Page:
If the Providence has so willed that the German people cannot be spared this fight, then I can only be grateful that it entrusted me with the leadership in this historic struggle which, for the next 500 or 1,000 years, will be described as decisive, not only for the history of Germany but for the whole of Europe and indeed the whole world. The German people and their soldiers are working and fighting today, not only for the present but for the coming, nay the most distant, generations. A historical revision on a unique scale has been imposed on us by the Creator.

Hitler was dreaming. He was enlarging on his exaggerated confidence in his ability to control. With a military that was mechanized and more capable of delivering firepower than Napoleon's army, he was gambling on his ability to succeed where Napoleon had failed. Warfare between industrialized powers had changed. In the 20th century war was more than finding the an enemy force somewhere. It was about holding ground and resources. Alexander the Great had not actually taken control of the Persian empire. He had left allies in charge here and there and people who ruled themselves under their local rulers. Hitler's ally Japan, with its mechanization, air force and modern firepower was not succeeding in taking control of that vast expanse of land called China, nor would little Japan be able to occupy enough of the United States to crush that new enemy. And Hitler was not on a course of controlling the Soviet Union. The more territory a conqueror occupied and the more people a conqueror tried to dominate the greater the burden on him. And so it was with Hitler, who was underestimating the strength of the Soviet Union and over-estimating German capabilities.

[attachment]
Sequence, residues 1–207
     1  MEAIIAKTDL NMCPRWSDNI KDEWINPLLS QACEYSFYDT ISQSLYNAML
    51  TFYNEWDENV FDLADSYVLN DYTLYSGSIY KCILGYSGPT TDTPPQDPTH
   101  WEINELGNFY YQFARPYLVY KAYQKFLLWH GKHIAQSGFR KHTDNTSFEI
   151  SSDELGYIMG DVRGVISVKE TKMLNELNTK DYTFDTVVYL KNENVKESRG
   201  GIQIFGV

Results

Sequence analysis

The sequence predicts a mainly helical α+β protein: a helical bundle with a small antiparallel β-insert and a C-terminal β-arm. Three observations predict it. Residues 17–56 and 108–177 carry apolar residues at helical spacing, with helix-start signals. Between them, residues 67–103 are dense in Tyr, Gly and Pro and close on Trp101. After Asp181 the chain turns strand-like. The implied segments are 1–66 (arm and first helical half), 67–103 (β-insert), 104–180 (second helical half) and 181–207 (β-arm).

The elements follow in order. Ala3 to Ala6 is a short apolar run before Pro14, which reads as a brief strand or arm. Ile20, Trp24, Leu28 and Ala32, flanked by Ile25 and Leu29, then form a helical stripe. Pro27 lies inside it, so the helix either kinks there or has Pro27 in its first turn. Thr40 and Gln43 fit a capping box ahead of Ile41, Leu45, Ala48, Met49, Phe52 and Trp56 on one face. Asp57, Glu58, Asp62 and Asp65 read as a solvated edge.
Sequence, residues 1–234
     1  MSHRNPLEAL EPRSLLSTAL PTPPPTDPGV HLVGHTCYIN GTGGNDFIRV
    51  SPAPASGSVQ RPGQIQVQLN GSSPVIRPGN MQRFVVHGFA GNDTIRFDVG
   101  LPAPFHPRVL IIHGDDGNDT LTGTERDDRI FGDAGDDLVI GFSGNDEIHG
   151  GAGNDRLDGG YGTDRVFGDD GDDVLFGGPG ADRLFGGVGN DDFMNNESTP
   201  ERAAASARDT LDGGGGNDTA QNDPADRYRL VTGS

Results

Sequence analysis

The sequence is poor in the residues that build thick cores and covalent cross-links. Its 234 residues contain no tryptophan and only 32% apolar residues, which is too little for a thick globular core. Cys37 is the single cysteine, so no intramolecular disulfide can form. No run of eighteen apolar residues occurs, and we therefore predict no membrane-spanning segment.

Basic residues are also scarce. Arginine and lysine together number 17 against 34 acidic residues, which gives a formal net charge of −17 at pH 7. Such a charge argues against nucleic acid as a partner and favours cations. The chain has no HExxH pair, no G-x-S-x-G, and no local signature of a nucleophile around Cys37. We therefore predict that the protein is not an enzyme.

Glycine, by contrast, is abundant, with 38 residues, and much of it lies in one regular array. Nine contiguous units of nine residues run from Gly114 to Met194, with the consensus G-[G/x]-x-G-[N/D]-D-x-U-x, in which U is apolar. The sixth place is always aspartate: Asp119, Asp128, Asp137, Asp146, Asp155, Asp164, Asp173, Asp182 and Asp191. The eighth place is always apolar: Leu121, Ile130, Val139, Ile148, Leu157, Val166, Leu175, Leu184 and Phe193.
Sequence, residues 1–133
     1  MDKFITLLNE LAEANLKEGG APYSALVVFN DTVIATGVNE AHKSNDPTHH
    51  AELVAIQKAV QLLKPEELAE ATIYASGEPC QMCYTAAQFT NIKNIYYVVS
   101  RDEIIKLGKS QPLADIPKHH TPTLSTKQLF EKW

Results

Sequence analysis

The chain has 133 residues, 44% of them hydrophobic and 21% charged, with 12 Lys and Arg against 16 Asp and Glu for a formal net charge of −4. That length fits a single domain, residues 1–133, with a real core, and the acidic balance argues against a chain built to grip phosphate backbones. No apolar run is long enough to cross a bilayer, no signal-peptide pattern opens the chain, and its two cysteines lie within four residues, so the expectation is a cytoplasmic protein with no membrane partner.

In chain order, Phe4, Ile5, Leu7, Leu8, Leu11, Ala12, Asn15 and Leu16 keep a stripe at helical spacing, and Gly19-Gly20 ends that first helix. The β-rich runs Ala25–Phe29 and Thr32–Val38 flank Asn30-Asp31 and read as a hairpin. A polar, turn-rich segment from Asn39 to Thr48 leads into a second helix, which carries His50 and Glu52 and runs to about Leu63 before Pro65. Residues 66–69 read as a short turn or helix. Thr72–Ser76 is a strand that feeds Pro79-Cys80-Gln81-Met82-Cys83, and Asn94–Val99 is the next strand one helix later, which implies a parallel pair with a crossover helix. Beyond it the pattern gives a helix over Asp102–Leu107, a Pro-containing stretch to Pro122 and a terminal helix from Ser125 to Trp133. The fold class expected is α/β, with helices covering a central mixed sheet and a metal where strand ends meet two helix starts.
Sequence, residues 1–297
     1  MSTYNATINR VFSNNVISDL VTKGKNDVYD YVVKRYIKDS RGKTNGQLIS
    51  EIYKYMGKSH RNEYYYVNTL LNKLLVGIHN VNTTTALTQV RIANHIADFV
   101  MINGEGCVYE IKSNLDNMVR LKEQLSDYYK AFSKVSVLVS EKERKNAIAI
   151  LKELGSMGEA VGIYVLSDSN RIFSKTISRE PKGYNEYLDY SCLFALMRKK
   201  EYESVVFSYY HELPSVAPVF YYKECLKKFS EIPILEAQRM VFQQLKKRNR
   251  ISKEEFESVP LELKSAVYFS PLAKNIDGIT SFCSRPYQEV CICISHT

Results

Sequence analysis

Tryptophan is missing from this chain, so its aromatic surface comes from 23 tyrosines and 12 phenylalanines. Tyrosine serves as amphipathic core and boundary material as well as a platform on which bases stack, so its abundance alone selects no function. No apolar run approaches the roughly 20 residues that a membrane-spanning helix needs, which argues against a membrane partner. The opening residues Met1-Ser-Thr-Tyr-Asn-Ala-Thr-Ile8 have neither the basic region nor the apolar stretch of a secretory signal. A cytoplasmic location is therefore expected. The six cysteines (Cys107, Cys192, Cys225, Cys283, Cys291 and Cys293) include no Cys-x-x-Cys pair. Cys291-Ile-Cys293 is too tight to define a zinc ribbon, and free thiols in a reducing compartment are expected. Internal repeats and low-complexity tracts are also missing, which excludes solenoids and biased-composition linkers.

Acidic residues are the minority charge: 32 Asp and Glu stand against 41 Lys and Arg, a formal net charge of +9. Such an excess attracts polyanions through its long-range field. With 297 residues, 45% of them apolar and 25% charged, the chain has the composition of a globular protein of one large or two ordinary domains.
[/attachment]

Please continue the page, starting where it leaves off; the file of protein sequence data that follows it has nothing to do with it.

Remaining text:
CONTINUE READING: The Killings (ordered by Hitler)